The case, which was filed in August 2015 in Santa Fe’s 1st Judicial District Court, was settled last month with APS paying Moya $800,000.
Two firms handled APS’ defense: German & Associates, which billed $924,800, and Robles Rael & Anaya, which billed $180,991.
APS’ insurance caps its out-of-pocket costs at $350,000.
Under the terms of the settlement, Moya and APS face a $20,000 fine if they disparage one another.
Superintendent Raquel Reedy also provided Moya with a positive letter of reference that highlights various awards and his success boosting the district’s bond rating and cash reserves.
While Moya’s attorney, Kate Ferlic, cannot provide any new comments on the case, she previously told the Journal she thought APS was “cutting off its nose to spite its face.”
Ferlic said APS had many opportunities to settle but opted to “try to defend this case more vigorously than any case of this nature that I’ve seen.”
She also claimed that the district had buried her in nearly 100,000 pages of “meaningless documents.”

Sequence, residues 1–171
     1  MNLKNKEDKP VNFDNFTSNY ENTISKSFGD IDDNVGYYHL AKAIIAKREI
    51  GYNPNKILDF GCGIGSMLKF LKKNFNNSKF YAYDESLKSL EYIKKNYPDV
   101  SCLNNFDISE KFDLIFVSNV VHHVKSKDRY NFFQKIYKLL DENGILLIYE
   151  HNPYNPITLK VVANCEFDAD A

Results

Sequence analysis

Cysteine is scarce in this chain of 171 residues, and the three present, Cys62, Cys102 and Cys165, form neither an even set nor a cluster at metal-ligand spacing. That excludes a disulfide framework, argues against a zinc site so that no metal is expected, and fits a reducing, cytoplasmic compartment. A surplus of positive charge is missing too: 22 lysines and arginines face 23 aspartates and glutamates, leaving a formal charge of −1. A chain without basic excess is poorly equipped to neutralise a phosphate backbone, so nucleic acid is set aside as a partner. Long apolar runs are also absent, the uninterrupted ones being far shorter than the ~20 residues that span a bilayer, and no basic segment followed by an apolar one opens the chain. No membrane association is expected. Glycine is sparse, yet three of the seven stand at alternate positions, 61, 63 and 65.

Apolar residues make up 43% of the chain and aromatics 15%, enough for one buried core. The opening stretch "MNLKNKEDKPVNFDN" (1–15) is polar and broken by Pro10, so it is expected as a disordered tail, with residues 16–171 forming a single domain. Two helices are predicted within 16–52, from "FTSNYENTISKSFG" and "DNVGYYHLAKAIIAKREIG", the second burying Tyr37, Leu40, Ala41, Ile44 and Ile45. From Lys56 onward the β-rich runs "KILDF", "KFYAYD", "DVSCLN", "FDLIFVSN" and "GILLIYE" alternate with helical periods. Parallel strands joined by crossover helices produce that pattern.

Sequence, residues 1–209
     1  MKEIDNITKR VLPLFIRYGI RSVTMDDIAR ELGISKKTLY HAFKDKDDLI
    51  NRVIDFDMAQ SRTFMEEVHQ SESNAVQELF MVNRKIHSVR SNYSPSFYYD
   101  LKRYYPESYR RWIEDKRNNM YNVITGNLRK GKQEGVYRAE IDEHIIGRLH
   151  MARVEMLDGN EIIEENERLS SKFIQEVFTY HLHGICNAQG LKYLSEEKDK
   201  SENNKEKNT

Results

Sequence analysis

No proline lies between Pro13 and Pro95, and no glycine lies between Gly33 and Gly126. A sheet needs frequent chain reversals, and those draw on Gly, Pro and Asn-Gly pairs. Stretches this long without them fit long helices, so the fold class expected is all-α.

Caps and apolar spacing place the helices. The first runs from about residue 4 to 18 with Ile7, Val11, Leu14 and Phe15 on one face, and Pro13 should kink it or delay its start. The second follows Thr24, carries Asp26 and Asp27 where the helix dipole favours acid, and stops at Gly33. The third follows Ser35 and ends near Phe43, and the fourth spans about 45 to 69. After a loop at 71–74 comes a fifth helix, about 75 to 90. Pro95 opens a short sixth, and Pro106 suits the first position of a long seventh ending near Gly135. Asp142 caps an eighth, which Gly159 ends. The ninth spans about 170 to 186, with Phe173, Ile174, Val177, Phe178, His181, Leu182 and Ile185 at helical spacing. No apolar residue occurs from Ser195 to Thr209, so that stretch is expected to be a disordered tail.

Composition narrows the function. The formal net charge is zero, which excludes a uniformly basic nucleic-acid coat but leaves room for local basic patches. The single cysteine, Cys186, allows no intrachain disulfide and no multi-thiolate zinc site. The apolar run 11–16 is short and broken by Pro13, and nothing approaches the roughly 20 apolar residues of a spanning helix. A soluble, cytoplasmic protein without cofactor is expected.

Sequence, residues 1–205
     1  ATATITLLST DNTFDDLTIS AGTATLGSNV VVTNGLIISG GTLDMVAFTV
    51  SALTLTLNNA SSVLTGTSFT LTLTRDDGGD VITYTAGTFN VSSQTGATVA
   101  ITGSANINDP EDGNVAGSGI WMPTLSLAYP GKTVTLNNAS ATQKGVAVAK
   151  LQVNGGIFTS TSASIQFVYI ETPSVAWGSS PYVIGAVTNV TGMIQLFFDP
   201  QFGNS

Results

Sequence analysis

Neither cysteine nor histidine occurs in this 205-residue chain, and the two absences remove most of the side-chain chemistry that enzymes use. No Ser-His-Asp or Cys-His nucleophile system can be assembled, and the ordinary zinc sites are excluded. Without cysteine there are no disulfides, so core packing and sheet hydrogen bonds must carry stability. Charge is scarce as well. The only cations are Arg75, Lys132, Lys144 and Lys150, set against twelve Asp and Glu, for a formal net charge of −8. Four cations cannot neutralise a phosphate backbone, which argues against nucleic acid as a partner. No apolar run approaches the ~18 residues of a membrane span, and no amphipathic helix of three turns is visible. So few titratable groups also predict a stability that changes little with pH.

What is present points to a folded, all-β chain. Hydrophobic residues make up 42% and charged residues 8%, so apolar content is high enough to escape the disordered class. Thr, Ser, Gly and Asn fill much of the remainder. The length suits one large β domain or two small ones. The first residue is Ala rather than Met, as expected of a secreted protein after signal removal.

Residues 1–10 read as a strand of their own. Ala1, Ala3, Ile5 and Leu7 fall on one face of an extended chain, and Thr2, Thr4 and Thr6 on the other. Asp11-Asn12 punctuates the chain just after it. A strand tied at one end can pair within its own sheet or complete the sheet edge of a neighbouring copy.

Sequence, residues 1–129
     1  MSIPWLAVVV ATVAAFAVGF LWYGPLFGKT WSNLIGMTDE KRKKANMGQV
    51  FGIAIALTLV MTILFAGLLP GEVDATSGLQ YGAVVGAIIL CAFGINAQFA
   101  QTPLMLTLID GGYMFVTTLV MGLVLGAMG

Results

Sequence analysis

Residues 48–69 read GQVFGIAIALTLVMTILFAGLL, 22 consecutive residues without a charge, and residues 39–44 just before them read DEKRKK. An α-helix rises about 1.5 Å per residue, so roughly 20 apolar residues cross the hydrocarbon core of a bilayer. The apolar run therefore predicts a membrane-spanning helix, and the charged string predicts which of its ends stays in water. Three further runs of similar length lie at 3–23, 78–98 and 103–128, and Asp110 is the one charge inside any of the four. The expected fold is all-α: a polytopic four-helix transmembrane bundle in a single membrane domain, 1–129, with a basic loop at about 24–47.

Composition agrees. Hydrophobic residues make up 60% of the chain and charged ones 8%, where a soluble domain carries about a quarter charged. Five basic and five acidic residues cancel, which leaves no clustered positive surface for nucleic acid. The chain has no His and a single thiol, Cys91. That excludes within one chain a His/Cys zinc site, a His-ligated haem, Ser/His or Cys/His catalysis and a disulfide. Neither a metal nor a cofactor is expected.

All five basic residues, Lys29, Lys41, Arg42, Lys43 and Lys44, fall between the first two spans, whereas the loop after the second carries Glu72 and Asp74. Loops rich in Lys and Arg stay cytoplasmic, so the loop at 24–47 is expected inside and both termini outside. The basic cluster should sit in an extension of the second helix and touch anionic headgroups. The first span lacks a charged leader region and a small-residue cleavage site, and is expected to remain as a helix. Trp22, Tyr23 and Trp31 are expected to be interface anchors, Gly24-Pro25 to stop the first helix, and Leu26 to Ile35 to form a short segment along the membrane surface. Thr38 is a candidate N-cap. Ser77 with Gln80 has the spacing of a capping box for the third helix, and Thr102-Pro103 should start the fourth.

APS has declined to comment on the lawsuit.
The saga began Aug. 7, 2015, when then-Superintendent Luis Valentino, recently hired from San Francisco’s school district, tried to text New Mexico Education Secretary Hanna Skandera about “going after” Moya for running “roughshot.”
He accidentally sent the text to Moya himself. Later that day, Valentino placed Moya on paid administrative leave.
The two were reportedly friendly when Valentino began the job in May 2015, but they tangled over proposed audits that Moya believed were wasteful and unnecessary. Then-Deputy Superintendent Jason Martinez, a curriculum expert Valentino hired from Colorado, also supported the audits.
Less than two weeks after Moya was placed on paid leave, Martinez resigned amid allegations that he had skipped a mandatory criminal background check to conceal child sex assault charges against him filed in Denver. He was later found not guilty.
Valentino stepped down at the end of August 2015 with an $80,000 buyout and a positive reference letter from the APS Board of Education.
Moya now works as a finance director for Santa Fe County.
Ferlic previously told the Journal she hopes Moya’s lawsuit will “change practices at APS and make them more fiscally responsible than what the facts of the case revealed here.”